Appeal Court settles Japs trademark dispute

The content originally appeared on: Trinidad and Tobago Newsday

WHATS in a name?

For the owners of Japs Fried Chicken Ltd, everything.

On Friday, the Appeal Court ruled in a hard-fought, decades-old trademark dispute between businessman Nicholas “Japs” Thomas, 63, and Bhagwatee Maraj and her children, overturning a 2016 decision of the High Court.

Both parties claimed the right to ownership of the “Japs” name. Thomas claimed to be the original “Japs” while Maraj, who died in 2021, said she was known as “Madam Japs.”

The trademark battle began in 2010 when the company -Japs Fried Chicken Ltd – applied for the registration of “Japs Fried Chicken… The Best Taste Around & Device.”

Thomas also applied to register the trademark “Japs And Device.” With two strikingly similar submissions, the Intellectual Property Office (IPO) registrar stayed both applications until the court determined who had the right to the trademark.

In that decision, Justice Margaret Mohammed ruled in Thomas’s favour. She said Thomas was the “originator” of the Japs brand although not the sole proprietor of the business as both he and Maraj – both of whom were in a relationship in the 70s – were the joint owners and had exclusive rights to the name.

She held the company was not entitled to register the trademark and also declared the name was an asset of the business owned by the two and Thomas’s half share was held by Maraj for their children.

The company and Maraj appealed the decision and on Friday, the Appeal Court directed the IPO registrar to register the trademark “Japs Fried Chicken: De Best Taste Around! And Device” in the company’s name and refuse Thomas’s application.

When the couple began the food business, it was named Japs Fast Food. After their relationship broke down around 1989 – the ruling said Maraj described it as abandonment with him accusing her of infidelity and telling lies- she and her son from a previous relationship opened Japs Fried Chicken with some 13 outlets throughout Trinidad.

Thomas claimed he and Maraj agreed to create a trust for his 50 per cent interest for their sons.

The Appeal Court decision, written by Justice James Aboud, traced the couple’s long history and that of the company in several pages of the 49-page decision. Also presiding on the appeal were Justices Allan Mendonca and Charmaine Pemberton.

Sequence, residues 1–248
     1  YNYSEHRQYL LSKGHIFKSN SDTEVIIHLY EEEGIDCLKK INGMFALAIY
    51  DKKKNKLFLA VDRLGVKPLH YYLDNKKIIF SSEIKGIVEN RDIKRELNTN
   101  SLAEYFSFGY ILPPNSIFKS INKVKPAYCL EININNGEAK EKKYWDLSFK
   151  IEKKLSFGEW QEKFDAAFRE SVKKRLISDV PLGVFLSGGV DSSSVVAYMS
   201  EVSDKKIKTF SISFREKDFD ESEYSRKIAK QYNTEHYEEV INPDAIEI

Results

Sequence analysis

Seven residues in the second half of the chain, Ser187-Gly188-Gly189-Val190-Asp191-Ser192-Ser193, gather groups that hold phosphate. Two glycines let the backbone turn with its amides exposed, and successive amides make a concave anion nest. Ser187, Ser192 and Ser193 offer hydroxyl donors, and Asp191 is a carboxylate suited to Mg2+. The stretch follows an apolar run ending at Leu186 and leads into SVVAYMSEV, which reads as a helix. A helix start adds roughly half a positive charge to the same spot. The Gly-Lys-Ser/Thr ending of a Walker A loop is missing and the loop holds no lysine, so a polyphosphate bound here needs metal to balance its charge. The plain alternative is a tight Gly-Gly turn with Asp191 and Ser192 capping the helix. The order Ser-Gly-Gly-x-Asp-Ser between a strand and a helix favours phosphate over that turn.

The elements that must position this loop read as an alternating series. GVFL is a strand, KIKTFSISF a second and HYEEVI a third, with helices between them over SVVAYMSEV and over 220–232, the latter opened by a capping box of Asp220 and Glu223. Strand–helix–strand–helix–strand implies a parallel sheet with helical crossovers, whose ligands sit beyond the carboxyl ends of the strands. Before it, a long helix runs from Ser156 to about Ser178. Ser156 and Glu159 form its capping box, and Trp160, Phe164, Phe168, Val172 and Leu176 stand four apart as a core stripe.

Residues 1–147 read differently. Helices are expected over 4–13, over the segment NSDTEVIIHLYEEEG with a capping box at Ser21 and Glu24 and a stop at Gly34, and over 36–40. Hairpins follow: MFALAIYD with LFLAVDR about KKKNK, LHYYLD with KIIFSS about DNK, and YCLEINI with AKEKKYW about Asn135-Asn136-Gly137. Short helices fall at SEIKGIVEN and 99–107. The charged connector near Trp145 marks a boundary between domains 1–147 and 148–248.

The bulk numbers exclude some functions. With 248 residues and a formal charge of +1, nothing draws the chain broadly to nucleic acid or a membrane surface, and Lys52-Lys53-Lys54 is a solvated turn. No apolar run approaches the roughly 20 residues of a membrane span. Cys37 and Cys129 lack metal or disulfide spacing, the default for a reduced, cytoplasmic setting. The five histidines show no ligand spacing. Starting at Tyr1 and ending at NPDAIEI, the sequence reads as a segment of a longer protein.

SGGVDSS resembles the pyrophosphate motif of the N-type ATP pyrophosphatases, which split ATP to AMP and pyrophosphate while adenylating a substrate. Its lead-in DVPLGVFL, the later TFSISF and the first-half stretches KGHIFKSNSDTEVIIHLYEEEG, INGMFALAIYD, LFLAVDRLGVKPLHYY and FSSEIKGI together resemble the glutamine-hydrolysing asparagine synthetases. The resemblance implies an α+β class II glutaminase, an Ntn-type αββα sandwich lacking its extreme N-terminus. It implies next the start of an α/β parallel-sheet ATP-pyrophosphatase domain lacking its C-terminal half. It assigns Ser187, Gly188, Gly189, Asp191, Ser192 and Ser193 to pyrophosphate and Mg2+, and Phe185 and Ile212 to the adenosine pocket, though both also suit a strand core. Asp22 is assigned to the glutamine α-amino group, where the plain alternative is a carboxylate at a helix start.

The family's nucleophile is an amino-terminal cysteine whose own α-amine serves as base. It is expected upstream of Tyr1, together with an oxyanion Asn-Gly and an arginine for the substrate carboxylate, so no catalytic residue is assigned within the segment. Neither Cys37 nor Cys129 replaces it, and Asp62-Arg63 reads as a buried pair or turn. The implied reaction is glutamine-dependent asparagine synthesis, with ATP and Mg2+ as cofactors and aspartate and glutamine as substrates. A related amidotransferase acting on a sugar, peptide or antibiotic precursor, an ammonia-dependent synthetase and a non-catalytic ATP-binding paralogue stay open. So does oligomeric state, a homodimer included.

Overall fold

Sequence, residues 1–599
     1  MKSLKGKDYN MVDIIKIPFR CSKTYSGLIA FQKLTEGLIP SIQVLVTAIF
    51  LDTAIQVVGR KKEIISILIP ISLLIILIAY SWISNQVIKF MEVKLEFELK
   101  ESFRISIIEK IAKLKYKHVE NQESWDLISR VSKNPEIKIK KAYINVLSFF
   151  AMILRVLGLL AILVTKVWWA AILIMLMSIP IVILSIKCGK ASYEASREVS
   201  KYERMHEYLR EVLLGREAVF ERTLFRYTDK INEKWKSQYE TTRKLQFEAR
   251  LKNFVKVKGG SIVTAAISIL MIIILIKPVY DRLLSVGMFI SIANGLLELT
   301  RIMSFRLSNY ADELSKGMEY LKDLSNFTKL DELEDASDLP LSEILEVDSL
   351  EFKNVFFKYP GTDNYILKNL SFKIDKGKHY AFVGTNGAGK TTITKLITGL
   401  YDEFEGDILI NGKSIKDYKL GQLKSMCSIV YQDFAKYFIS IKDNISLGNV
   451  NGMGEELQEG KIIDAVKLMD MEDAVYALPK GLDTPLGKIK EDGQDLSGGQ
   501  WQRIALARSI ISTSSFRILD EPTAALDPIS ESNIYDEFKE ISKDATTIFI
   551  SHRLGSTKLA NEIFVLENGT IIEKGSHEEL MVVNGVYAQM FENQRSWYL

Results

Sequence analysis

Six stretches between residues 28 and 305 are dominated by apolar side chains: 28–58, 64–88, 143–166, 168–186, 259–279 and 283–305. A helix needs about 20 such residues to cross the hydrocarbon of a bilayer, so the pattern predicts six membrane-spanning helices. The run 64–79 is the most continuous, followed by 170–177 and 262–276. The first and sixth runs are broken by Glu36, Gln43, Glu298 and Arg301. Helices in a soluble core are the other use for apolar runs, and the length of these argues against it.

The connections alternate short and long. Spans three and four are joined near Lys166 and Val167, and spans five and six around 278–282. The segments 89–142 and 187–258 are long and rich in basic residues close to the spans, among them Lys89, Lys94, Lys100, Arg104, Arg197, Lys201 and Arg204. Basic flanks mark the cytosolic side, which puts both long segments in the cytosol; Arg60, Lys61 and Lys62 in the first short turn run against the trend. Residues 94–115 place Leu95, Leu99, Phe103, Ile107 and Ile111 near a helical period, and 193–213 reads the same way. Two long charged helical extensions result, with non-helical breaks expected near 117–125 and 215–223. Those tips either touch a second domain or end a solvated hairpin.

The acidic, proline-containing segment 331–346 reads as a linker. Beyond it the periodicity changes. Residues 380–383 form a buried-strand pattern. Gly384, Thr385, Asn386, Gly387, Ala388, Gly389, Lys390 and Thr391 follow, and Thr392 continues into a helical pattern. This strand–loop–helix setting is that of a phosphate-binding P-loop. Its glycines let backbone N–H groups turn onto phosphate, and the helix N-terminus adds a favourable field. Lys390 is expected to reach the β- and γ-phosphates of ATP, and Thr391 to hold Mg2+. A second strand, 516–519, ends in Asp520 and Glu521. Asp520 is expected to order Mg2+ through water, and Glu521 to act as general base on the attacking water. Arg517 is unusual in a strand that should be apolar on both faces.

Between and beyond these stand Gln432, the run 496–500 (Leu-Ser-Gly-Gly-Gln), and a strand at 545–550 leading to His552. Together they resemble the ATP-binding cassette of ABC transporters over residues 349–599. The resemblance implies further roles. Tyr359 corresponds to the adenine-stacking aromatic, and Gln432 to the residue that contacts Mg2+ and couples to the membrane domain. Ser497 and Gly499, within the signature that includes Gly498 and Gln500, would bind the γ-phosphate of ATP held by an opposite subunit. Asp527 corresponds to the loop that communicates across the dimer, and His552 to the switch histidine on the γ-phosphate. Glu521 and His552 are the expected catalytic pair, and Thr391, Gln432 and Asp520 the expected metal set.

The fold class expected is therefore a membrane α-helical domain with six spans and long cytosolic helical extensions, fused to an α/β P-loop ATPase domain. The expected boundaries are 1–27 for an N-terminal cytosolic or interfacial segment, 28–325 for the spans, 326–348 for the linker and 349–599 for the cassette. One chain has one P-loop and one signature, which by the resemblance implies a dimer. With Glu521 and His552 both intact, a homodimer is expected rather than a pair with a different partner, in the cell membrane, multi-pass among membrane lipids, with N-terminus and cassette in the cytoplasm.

Aboud said there were discrepancies overlooked by the trial judge when she analysed who owned the business and the existence of the trust.

However, Aboud said having regard to the evidence as a whole, it was incapable of justifying a finding that there was a trust agreement.

He pointed to testimony that Thomas had “surreptitiously stripped the restaurant upon his departure in 1989.

“The important question that the trial judge should have asked is this: is the dismantling and removal of vital restaurant equipment and furniture indicative of the existence of a trust meant to financially profit the alleged beneficiaries?”

“… In my opinion, the fundamental finding of fact upon which the whole appeal turns was whether a trust agreement was created in 1989 when Mr Thomas suddenly separated from Ms Maraj and cut all his ties with the business (as it then existed).

“…In my view, the trial judge was plainly wrong to make a finding that a trust was created in 1989,” Aboud held.

He also said Maraj, having been left alone for over 18 years, grew and expanded the business into a chain in plain sight of Thomas who said nothing of the expansion under the name “Japs Fried Chicken” and who contributed nothing to it.

“In short, he had no interest for all those years, and he showed no interest until some two years after his youngest son was 18 years old and only after the company was incorporated with the name ‘Japs’ and the trademark application was made.

“…Mr Thomas had absolutely nothing to do with the operation or tremendous growth of ‘Japs Fried Chicken’ from 1989 onwards or the development of its goodwill for 25 years.

“…, it is, in my view, plainly wrong for the trial judge to have refused the company’s application to register the trademark ‘Japs Fried Chicken.’”

Japs Fried Chicken Ltd, Maraj and her son, Romario Mahabir, who was appointed administrator of his mother’s estate, were represented by King’s Counsel Anand Beharrylal, Yaseen Ahmed and Tara Lutchman while Thomas appeared in person at the appeal.